LD: How did you feel about that?

JL: Well, I thought it was kind of stupid. I didn't think it could happen because this old Swiss captain had said he could make these dogs pass in review and do eyes right. Well, that's a lot different than teaching them to bite only a certain race of people by subjecting them to the smell of the food and perspiration and blood and that. And I just thought it was unfair. As a matter of fact, when we landed at New Orleans to go over there, the whole airport was cleared, and the entire place was circled by MPs. And when the plane landed, I was the first one out of the planes, walked right in the back end of the two and a half ton truck with a curtain on it, and those trucks went right out of there and down to the dock and put the boys on a boat so nobody could see them. And nobody was to go anyplace, nobody stayed right there. They were afraid that word might get out that the Japanese boys were being used for guinea pigs, to be tasted. And so word was that there wasn't to be any conversation with anybody, or anything was absolutely quiet. They even mentioned that they were afraid that this could get back as far as Tokyo Rose, could be spread all over, the U.S. Army is using their own boys for guinea pigs.

LD: You said "unfair." What was unfair about it to you?

JL: To pick one race like this and try to use them for guinea pigs to find out if this thing would work. They were using my human beings. Maybe if they'd been using from another outfit I would have thought different. First place, I didn't think the project would work, and second, I didn't like the idea of selecting our... and later on, I tell you, on the way back, when I stopped in Washington on the way back, in Washington, D.C., they gave me thirty-five pink slips that I'm supposed to take and have each one of these boys fill one out. And I said, "Wait, this thing looks familiar to me. This is not something I need. It was a loyalty questionnaire." And I said, "Look, you can take these thirty-five pieces of paper back and keep them. You're talking to men, soldiers in the United States Army, and it's too late to be questioning their loyalty, they're already in the army." The guy took the thirty-five papers back and never made me take them. But that's another example of some people wondering about loyalty, I think. Here these kids have been in the army, been through all these tests at Camp McCoy and down at Shelby, and here now they're going to have them fill out loyalty papers?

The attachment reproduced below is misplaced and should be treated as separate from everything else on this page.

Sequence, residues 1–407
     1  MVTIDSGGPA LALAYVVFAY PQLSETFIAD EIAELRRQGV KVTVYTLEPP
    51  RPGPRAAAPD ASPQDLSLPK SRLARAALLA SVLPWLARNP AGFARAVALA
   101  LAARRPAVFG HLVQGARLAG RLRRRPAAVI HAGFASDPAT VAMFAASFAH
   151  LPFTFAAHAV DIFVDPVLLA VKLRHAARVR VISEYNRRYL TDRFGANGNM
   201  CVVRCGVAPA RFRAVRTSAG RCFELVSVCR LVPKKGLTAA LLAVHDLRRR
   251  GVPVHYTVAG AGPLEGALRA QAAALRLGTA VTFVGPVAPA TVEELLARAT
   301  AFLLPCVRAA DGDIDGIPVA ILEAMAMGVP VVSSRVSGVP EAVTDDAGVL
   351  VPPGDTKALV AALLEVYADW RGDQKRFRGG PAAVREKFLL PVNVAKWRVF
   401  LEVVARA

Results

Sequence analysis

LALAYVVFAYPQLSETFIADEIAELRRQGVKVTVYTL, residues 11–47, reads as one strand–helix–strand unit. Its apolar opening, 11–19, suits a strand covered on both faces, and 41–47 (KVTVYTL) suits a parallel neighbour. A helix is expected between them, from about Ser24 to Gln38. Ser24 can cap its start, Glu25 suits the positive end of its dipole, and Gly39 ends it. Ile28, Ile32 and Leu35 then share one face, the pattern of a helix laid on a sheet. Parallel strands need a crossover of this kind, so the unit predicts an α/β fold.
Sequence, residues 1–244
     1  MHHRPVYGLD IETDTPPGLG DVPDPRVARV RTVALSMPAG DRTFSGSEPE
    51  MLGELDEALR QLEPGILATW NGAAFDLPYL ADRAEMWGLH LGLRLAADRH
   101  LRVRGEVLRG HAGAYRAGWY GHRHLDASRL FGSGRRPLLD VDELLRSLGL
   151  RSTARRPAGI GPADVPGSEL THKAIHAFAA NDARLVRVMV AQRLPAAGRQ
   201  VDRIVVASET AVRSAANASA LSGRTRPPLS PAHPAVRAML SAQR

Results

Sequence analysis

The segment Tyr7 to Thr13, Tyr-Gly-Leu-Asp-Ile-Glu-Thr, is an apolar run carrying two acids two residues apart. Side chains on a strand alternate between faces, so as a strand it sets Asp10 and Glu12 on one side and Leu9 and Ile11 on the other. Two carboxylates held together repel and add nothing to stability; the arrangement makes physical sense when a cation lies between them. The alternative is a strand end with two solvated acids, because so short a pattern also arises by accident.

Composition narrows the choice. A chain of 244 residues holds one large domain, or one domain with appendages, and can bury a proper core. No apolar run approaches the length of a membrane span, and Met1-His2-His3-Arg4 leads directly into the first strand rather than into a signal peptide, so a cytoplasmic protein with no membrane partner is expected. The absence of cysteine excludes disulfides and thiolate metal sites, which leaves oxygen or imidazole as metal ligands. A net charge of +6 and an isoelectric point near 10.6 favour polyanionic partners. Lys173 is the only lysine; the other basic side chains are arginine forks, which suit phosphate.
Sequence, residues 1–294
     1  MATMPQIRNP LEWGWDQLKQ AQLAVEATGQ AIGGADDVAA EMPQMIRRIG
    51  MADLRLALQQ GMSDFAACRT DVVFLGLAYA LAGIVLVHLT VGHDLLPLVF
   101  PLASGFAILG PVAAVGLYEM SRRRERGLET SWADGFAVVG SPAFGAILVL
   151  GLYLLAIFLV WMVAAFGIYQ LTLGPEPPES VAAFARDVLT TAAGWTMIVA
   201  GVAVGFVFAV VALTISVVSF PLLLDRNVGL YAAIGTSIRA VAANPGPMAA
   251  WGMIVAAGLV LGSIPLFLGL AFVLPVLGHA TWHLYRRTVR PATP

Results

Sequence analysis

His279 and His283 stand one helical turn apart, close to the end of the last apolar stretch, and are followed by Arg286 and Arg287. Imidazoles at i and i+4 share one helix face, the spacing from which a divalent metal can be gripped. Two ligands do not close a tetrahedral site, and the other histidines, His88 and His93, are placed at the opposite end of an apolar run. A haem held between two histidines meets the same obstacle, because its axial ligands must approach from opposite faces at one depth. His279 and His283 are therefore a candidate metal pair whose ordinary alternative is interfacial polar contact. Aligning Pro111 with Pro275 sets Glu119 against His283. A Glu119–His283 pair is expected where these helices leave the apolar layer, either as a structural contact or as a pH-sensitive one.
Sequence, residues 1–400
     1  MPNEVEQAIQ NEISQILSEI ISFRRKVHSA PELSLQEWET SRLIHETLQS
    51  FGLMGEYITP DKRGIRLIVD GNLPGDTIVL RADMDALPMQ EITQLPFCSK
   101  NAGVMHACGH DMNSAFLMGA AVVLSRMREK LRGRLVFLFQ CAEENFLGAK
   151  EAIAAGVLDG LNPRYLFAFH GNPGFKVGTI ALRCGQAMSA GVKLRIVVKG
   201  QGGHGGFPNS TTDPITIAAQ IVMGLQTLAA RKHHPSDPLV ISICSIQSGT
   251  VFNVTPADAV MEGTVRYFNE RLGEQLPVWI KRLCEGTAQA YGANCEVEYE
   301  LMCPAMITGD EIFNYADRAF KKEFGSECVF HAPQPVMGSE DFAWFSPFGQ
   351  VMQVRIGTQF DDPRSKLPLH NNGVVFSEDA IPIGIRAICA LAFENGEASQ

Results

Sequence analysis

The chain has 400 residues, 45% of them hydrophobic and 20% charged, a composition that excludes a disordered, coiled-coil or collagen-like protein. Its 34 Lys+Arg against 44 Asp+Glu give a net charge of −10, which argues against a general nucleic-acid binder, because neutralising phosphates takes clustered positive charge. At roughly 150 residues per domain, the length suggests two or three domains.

LD: What did they have in mind?

JL: I don't know, I think maybe because of the project. They were concerned about the project, if this got out to be popular, known by everybody, there could be some reaction from it. I'm sure that's the way they felt.

LD: What reaction?

JL: Oh, public. I think a lot of public, and even their own relatives. This was all Club 100, 100th boys. I think they might have felt that... you know, word gets back home, "God, they're using my son for..." and people would think that they're picking on only the Japanese boys I'm sure, because they're not going to get the blood from anybody else, are they? It was a dumb project.

<End Segment 5> - Copyright © 1983 The Center for Educational Telecommunications and Densho. All Rights Reserved.